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Banana Oat Marble Bread

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So, okay, as usual — the family was here for Mother’s Day. I bought a ton of fruit. All gone.

EXCEPT for a few bananas.

And so: Banana Bread. This one with oats and chocolate. It’s moist and gently sweet. Could do as dessert or just with some coffee as a snack. A little nosh.

Freezable too.

Banana Oat Marble Bread

  • 6 ounces semisweet chocolate

  • 1-1/2 cups all-purpose flour

  • 1/2 cup quick oats

  • 1/2 teaspoon baking powder

  • 1/2 teaspoon cinnamon

  • 1/2 teaspoon salt

  • 3/4 cup sugar

  • 1/2 cup vegetable oil

  • 2 large eggs

  • 3 medium very ripe bananas

  • 1/4 cup fruit juice such as mango, orange or apple

  • 1 teaspoon vanilla extract

Preheat the oven to 350 degrees. Grease a 9”x5”x3” loaf pan.

Melt the chocolate and set it aside. Mix the flour, oats, baking powder, cinnamon and salt in a bowl and set it aside. Beat the sugar and vegetable oil with a handheld or electric mixer set at medium speed for 2-3 minutes or until the mixture is light and fluffy. Add the eggs one at a time, beating after each addition. Mash the bananas and add them to the sugar mixture. Beat thoroughly until the ingredients are well blended. Add the flour mixture and beat for 1-2 minutes to blend the ingredients thoroughly. Stir in the juice and vanilla extract. Pour the batter into the prepared pan. Spoon the melted chocolate on top and use a knife to swirl the chocolate into the banana batter. Bake for 1 hour or until a cake tester inserted into the center comes out clean. Cool the bread in the pan 15 minutes. Remove the bread from the pan and let it cool on a cake rack.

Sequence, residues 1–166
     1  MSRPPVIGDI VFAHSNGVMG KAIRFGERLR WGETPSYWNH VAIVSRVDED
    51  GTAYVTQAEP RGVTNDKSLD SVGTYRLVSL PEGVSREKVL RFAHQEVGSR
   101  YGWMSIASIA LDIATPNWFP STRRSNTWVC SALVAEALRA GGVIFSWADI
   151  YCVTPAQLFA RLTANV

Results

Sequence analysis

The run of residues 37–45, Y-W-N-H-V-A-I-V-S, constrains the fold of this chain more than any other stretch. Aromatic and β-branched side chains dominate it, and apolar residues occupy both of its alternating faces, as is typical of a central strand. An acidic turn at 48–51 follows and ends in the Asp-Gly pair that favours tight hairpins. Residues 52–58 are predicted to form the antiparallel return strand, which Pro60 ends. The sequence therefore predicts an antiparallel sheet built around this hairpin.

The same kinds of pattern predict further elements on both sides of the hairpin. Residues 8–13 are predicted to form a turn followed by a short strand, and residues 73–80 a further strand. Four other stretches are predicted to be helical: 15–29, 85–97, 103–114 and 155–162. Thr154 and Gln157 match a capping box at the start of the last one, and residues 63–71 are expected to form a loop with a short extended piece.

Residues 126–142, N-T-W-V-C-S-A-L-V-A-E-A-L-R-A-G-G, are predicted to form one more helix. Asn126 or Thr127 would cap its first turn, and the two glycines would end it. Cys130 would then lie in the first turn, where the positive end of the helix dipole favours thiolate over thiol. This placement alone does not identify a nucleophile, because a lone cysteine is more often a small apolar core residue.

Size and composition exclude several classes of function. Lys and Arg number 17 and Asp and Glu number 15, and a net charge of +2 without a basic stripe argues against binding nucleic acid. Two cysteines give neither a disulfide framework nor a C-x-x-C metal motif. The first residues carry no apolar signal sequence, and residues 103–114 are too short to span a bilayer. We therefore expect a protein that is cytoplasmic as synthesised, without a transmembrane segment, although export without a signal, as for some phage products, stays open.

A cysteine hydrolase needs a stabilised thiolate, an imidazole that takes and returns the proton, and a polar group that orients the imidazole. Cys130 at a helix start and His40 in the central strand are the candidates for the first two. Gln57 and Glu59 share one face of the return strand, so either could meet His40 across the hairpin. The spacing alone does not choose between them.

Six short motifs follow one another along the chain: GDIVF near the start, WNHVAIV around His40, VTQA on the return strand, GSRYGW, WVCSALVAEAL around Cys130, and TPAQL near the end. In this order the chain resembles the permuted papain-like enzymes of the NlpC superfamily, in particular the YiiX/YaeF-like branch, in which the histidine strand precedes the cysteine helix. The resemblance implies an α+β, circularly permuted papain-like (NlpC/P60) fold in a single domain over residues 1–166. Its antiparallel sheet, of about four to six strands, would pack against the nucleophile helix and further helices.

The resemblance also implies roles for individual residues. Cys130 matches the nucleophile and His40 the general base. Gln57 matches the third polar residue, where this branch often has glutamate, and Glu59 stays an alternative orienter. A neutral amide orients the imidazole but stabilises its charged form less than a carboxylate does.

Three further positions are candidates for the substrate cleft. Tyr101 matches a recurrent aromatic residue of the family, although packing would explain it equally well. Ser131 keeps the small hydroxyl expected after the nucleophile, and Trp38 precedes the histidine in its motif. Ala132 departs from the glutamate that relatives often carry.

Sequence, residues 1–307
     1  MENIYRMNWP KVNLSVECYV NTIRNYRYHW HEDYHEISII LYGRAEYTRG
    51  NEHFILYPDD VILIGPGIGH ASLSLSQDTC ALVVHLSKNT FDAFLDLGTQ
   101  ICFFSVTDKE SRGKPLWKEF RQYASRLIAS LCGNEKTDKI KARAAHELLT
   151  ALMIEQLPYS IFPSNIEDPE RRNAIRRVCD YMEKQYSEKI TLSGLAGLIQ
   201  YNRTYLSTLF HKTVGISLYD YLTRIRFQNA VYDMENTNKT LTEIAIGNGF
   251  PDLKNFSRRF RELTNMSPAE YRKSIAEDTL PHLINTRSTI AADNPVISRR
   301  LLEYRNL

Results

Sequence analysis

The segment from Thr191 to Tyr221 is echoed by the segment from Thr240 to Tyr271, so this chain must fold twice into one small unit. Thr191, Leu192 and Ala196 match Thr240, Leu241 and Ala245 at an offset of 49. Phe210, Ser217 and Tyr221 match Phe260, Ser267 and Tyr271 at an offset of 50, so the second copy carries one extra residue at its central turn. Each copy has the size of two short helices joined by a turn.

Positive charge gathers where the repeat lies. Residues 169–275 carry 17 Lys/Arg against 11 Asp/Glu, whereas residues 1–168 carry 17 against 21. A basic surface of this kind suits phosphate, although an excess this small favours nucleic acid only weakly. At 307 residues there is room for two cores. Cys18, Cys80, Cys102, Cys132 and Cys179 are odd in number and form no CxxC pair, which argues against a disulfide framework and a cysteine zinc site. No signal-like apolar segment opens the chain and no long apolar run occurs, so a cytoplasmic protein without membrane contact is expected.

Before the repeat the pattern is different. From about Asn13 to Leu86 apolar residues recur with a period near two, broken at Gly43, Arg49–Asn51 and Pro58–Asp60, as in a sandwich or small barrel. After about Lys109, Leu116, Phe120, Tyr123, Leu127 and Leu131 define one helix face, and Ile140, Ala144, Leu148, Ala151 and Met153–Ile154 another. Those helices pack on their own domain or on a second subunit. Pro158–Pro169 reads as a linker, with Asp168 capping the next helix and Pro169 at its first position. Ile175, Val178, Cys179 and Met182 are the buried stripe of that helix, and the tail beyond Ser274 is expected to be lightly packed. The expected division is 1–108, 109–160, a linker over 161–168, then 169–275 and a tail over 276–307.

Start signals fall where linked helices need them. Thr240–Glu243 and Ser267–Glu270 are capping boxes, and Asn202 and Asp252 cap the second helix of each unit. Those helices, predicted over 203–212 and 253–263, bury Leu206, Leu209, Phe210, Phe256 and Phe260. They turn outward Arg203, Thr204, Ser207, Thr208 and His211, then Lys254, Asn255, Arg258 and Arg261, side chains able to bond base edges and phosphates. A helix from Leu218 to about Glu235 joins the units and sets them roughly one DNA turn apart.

Makes one bread serving 10-12

Matbucha

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Spring has sprung and for me, that means more salad.